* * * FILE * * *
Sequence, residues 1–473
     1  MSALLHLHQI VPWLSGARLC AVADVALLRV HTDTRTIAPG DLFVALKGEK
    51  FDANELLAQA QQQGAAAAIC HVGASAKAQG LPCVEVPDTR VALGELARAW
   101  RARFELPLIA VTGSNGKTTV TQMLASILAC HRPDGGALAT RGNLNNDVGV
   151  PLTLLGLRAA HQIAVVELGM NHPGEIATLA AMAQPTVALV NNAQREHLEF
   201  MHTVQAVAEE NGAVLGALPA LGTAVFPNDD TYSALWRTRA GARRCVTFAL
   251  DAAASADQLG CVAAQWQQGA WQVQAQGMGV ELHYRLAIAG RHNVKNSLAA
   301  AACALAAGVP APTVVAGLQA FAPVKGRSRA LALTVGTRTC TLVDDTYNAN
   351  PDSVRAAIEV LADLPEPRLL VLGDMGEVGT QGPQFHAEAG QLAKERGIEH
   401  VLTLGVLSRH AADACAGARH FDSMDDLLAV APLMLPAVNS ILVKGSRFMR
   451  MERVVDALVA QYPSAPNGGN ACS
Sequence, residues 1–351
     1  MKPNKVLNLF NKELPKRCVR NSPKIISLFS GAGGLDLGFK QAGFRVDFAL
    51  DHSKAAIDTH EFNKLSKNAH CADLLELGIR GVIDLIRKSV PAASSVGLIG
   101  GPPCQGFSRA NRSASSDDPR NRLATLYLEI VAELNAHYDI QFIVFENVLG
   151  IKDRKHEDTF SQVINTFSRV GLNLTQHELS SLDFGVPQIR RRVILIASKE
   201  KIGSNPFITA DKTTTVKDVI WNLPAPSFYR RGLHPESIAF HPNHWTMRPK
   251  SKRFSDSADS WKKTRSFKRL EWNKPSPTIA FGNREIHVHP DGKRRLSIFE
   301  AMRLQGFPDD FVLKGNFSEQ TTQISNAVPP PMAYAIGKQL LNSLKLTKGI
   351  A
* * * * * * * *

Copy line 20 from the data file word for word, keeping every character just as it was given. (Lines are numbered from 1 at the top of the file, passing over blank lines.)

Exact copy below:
   351  A